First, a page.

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Ray, Lawyer
Category: Legal
Satisfied Customers: 42903
Experience:  30 years in civil, probate, real estate, elder law
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If you change the name on your property to an adult child

Customer Question

If you change the name on your property to an adult child who also owns their own home and who does not reside in the home, and you no longer reside in the home yourself , but another child and their children are living there , how does the Enhanced Star Program work? Does the adult child benefit from the Star program on both properties; his and the parent?
Submitted: 1 year ago.
Category: Legal
Expert:  Ray replied 1 year ago.

Hi and welcome to JA. I am Ray and will be the expert helping you tonight. Here if you are neither of the parties here reside in the home as their primary residence you no longer qualify for the program.If the tax authorities here find out they could seek back taxes here and revoke your participation.

The rules say you must own your own home and it must be your primary residence.

Determining your primary residence

Your local assessor considers many factors to determine whether a property is your primary residence, like voting, vehicle registrations, and length of time spent each year on the property. They may ask you to provide proof of residency:

  • with your STAR application
  • after granting the exemption, to verify that it remains your primary residence.

You would be at risk of owing back taxes here and loosing your status in the program here.Since there was a change of ownership when neither of you are living there any more you need to give them notice of the change.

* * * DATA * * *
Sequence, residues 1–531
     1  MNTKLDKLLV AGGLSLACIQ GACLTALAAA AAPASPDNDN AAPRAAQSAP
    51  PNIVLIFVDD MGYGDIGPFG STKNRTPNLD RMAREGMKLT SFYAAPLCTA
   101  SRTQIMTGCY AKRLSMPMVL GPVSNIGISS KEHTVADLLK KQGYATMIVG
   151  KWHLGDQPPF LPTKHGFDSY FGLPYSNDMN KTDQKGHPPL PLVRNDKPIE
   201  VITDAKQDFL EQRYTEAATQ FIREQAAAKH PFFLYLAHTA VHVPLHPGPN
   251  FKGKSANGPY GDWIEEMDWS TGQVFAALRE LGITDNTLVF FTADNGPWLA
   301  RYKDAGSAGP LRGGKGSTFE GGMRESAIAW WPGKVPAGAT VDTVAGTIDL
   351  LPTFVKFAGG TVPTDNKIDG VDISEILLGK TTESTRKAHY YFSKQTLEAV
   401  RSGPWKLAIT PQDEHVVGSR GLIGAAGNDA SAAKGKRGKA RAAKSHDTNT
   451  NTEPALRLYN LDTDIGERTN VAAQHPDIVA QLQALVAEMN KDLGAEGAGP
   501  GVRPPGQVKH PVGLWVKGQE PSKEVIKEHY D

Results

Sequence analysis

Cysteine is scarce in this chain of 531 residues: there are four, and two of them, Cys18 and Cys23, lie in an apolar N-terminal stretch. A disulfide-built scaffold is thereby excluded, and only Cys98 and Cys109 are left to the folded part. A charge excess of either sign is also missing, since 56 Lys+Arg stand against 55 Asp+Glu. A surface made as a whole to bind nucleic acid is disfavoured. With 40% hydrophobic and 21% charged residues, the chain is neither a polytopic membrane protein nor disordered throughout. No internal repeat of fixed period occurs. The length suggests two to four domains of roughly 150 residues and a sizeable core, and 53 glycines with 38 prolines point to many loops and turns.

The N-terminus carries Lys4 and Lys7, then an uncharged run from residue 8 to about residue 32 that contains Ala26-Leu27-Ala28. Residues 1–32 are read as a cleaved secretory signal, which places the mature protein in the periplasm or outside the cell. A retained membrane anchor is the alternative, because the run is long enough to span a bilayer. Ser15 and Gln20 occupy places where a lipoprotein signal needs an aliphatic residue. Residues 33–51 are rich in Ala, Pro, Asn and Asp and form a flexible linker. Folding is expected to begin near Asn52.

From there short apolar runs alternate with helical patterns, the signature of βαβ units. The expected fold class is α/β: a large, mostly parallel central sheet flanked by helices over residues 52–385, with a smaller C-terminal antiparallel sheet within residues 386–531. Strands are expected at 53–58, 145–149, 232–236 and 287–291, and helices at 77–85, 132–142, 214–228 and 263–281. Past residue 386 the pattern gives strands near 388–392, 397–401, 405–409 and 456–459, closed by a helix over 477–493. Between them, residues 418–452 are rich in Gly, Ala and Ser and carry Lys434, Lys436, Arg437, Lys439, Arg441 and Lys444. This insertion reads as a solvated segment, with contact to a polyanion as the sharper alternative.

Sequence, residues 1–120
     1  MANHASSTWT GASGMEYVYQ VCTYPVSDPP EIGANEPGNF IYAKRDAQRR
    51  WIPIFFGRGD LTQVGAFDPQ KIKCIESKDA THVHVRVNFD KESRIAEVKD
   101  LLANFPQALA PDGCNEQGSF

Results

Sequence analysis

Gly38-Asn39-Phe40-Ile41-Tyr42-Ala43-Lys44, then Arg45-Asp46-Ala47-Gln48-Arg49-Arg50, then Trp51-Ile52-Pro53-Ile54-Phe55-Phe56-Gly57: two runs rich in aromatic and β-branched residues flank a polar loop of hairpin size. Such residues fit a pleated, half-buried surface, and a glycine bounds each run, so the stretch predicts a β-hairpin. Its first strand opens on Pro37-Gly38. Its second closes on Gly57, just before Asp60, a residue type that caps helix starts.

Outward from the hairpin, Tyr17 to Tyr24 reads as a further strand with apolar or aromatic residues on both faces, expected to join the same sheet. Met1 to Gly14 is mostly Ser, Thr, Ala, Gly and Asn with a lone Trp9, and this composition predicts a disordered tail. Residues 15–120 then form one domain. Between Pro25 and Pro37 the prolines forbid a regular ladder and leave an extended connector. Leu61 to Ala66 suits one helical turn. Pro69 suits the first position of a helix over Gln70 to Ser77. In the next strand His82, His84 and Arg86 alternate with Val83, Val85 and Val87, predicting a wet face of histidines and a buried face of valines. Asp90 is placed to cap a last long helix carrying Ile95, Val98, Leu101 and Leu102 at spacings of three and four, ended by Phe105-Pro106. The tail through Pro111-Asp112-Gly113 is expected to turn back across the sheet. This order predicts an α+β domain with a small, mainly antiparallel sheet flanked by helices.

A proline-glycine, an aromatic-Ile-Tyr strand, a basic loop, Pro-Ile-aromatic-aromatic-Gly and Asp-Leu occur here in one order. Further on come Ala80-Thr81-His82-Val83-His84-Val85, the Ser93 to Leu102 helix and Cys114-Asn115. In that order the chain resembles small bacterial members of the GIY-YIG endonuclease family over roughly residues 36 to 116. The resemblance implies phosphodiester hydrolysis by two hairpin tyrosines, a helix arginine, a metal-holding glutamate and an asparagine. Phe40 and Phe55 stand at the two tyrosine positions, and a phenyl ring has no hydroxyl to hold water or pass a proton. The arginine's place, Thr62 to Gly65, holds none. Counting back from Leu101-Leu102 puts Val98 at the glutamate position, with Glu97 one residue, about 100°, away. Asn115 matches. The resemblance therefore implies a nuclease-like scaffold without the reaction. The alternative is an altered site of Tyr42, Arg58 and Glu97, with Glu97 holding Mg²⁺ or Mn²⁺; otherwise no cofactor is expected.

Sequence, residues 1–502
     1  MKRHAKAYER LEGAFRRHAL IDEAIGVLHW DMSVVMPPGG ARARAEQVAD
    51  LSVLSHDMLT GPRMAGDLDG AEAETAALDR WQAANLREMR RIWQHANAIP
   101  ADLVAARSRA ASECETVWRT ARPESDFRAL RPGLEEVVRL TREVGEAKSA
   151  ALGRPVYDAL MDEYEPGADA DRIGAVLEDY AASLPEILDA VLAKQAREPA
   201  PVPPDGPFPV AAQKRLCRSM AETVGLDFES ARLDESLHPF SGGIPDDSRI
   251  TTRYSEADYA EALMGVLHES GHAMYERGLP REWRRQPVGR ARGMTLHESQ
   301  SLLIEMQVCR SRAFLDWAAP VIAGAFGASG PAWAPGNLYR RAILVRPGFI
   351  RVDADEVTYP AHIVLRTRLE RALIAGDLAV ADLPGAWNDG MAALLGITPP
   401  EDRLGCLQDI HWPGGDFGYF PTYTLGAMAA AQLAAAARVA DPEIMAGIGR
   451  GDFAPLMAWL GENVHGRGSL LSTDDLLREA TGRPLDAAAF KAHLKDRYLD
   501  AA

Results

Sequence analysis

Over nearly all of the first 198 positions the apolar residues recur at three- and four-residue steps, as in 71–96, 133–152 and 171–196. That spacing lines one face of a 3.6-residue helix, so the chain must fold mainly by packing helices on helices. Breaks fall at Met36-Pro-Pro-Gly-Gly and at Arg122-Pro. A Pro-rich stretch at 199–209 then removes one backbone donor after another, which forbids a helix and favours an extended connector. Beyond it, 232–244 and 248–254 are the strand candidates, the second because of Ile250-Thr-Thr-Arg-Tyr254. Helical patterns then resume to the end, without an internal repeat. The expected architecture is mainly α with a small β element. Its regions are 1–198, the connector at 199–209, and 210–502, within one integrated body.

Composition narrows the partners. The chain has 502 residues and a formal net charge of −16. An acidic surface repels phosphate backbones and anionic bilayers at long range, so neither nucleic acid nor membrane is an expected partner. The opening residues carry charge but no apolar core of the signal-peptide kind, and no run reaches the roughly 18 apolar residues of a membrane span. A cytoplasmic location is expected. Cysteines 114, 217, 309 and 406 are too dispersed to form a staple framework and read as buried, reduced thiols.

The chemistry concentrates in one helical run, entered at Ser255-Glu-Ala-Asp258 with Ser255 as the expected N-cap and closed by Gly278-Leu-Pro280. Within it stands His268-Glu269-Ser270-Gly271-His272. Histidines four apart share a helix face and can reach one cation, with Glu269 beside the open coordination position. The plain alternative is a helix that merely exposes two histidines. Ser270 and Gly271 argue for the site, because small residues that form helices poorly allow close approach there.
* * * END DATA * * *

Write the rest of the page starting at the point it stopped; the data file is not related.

I appreciate the chance to help you tonight.Please let me know if you have more follow up.Thanks again.

Expert:  Ray replied 1 year ago.

Taxpayers whose STAR exemptions are revoked by the assessor may be subject to a penalty. Penalties will apply if the exemption has been inappropriately granted in the past and revoked for the following reasons:

  • inadvertently receiving multiple STAR exemptions, or
  • making a "material misstatement," as described below.

The penalties are calculated as follows:

  • The amount of the benefit received inappropriately over the "look-back period*", plus interest; and
  • a $500 processing fee applicable to inappropriate exemptions occurring on assessment rolls filed after April 1, 2013
Expert:  Ray replied 1 year ago.

f a property owner makes a "material misstatement" on his or her STAR application to the assessor, additional penalties apply.

A "material misstatement" means that the property owner:

  • claimed a property was his or her primary residence when it was not;
  • claimed they had relinquished the STAR exemption on a former primary residence when they knew they had not; or
  • misrepresented their age or income to appear eligible for the enhanced STAR exemption.

The penalty for a material misstatement increases on October 1, 2013.

  • Misstatement on an application prior to October 1, 2013
    • $100 penalty (fee goes to assessing unit)
    • Payback up to 3 years of inappropriately received benefits plus interes
    • Disqualification for any STAR exemption for 5 years
  • Misstatement is on application after October 1, 2013
    • Penalty equal to the greater of $100 or 20% of inappropriately received benefits, not to exceed $2500 (fee goes to assessing unit)
    • Payback up to 6 years of inappropriately received benefits plus interest
    • Disqualification for any STAR exemption for 6 years

* In 2013, the look-back period is the prior three years. In 2014, the look-back period is the prior four years. In 2015, the look back period is the prior five years. In 2016 and beyond, the look-back period is the prior six years.

You really need to report it when the other party ceases to live there as primary residence, there are some pretty good penalties here.

Expert:  Ray replied 1 year ago.

Thanks again so much for the chance to help you.I wish you a happy holiday season.

If you can leave a positive rating it is always much appreciated.